Amid nationwide protests against police brutality, police crack down on the press

Minneapolis police killed an unarmed Black man in their custody, George Floyd, on May 25, 2020. The killing, following a string of other violent, racist incidents against Black civilians in the preceding months, provoked protests in cities and towns across the United States, and even around the world. Scores of journalists covering these demonstrations have reported being maced, shot, or arrested by police. Journalists and Free Speech advocates fear the forceful police response to protest coverage threatens to erode press freedom. 

Key Players

George Perry Floyd Jr. was born in Fayetteville, North Carolina, and raised in Houston. He moved to Minneapolis to find work and start afresh in 2014, according to The Guardian. Floyd worked as a bodyguard at Salvation Army, drove trucks, and worked as a bouncer at a local restaurant—his last job before his murder. 

Floyd died at the hands of Minneapolis police on May 25 at the age of 46 after a white officer pinned his knee on Floyd’s neck for almost nine minutes. Floyd issued repeated pleas for help, but they were ignored. Officers had arrested him after receiving reports that he had purchased goods from a convenience store using a counterfeit $20 bill. Floyd left behind three children, the Los Angeles Times reports. 

Further Details

Floyd’s death sparked intense public outrage, catalyzing protests across the country. Demonstrations, which would soon spread globally, began in Minneapolis on May 26, one day after Floyd’s death. Protesters and onlookers reported violent police responses to peaceful marches and rallies in the city, including the use of tear gas, flash grenades, and rubber bullets to disperse crowds, according to The Guardian

Minneapolis police also targeted reporters covering events there. Photojournalist Linda Tirado permanently lost vision in her left eye after being shot by police with a “less-lethal” round, The Guardian reports. VICE News correspondent Michael Adams was shoved to the ground and pepper-sprayed by police while covering a demonstration, even after flashing his press pass and complying with officer demands. In an incident that Free Speech advocates found especially jarring, Minneapolis police arrested Omar Jimenez, a Black CNN correspondent, while he was live on air. Despite identifying himself as a reporter and offering to comply with officer demands, Jimenez and his team were handcuffed and brought into custody as their cameras were still rolling. Police released Jimenez and his crew later the same day, according to The New York Times

The crackdown on the press was preceded by years of media vilification by President Donald Trump, who has called reporters and objective mainstream news outlets “fake news” and “enemies of the people.” Analysts suspect that the aggressive police response to reporters is a manifestation of this vitriol, The Washington Post reports. 

Though most attacks against reporters occurred in Minneapolis, the pattern of press suppression by police continued elsewhere as protests spread across the country. Dozens of videos posted on social media sites capture journalists being beaten, sprayed, or shot at by police while covering these events. The U.S. Press Freedom Tracker, which tallies press freedom violations, recorded more than 56 reporter arrests and 240 attacks (212 by police) against reporters between May 26 and June 6. The tracker had recorded a total of 37 assaults against the press during the entirety of 2019. Journalists identified themselves as press in 106 out of 148 instances before being attacked by police officers, according to a separate batch of data gathered by The Guardian. Many reporters recall being explicitly targeted by police officers when covering the unrest, as The Intercept reports. “We were not caught in the crossfire,” LA Times reporter Molly Hennessy-Fiske remembers. “They pursued us. And they knew that we were reporters and photographers.”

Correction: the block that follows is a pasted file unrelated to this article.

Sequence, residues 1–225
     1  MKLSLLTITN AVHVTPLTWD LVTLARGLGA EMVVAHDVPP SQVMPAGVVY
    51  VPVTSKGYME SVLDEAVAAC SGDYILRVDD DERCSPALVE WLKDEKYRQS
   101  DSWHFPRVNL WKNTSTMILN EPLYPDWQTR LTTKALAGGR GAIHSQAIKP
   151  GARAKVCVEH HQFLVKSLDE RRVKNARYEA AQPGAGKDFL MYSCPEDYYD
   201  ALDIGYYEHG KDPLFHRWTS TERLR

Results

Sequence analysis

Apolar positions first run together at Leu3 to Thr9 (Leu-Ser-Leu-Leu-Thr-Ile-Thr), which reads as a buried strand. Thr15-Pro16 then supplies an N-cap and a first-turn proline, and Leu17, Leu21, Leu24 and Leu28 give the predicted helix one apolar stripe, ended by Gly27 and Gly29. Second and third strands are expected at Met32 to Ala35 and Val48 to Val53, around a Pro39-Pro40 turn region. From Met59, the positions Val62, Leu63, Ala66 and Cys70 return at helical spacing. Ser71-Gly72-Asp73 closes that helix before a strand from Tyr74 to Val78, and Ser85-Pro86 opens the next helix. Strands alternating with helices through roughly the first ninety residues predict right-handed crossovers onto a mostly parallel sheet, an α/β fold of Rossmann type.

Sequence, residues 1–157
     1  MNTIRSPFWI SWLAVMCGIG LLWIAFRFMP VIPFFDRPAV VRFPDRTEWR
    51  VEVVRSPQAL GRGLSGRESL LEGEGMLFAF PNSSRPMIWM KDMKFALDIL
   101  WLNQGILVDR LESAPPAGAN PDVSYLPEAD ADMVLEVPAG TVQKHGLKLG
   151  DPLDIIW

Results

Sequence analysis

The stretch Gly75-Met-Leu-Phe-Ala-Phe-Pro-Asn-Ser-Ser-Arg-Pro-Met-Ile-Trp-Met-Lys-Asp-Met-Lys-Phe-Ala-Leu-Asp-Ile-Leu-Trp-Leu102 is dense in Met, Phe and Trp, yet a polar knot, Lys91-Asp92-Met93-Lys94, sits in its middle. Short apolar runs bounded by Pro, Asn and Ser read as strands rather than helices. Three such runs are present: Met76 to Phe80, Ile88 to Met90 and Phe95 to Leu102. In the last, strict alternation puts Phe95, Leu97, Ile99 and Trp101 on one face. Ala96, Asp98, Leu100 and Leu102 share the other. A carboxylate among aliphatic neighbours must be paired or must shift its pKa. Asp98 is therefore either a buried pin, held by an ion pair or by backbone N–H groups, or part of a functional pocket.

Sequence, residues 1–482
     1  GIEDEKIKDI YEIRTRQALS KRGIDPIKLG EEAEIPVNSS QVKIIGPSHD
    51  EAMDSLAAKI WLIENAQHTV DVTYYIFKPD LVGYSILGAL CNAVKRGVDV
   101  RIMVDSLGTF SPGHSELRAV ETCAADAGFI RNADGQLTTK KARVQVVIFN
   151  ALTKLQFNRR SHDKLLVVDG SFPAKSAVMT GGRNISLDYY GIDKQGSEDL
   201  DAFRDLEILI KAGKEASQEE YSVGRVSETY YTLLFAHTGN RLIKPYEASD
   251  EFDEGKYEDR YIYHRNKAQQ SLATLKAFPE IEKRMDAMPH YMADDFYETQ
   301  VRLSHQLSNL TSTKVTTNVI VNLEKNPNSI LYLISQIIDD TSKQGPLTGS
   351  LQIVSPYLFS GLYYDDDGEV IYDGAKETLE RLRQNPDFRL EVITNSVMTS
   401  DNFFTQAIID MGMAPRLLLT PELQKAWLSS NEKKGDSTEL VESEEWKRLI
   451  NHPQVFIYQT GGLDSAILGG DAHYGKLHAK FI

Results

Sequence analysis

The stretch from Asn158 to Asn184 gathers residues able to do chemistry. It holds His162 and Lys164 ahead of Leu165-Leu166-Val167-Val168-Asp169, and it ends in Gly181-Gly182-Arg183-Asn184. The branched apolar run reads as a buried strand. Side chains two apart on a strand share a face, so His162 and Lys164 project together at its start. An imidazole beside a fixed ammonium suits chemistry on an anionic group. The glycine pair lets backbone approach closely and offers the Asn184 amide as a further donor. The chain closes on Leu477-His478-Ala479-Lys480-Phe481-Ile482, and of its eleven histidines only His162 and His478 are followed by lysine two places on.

Journalists, Free Speech advocates, international leaders decry police attacks on press

Recent police attacks against reporters in the United States have drawn comparisons to press suppression under authoritarian regimes. “It is common in autocratic countries for journalists to be swept up in arrests during protests and riots, but rare in the United States, where news gathering is protected by the First Amendment,” New York Times reporters remarked when summarizing Omar Jimenez’s arrest.

The shocking symbolism of the attacks on the press have tangible implications. Police violence against reporters chills important journalism and undermines accountability for public officials, according to PEN America Washington Director Thomas O. Melia. 

“By trying to silence journalists, law enforcement officers are seeking apparently to prevent reporters from fulfilling their invaluable mission of informing the public, holding our leaders accountable, and providing vital information to citizens across the country,” Melia wrote in a statement. 

Some reporters and civil rights groups are taking legal action against police. Freelance journalist Jared Goyette teamed up with the American Civil Liberties Union to file a class action lawsuit against state and local police in Minnesota after officers allegedly threatened him with a gun and shot him with a rubber bullet after he identified himself as a reporter.

The crackdown on the press in the United States has also worried and angered foreign governments. The Australian government launched an investigation into U.S. law enforcement on June 2, after police attacked an Australian reporter and photographer at a demonstration in Washington, D.C.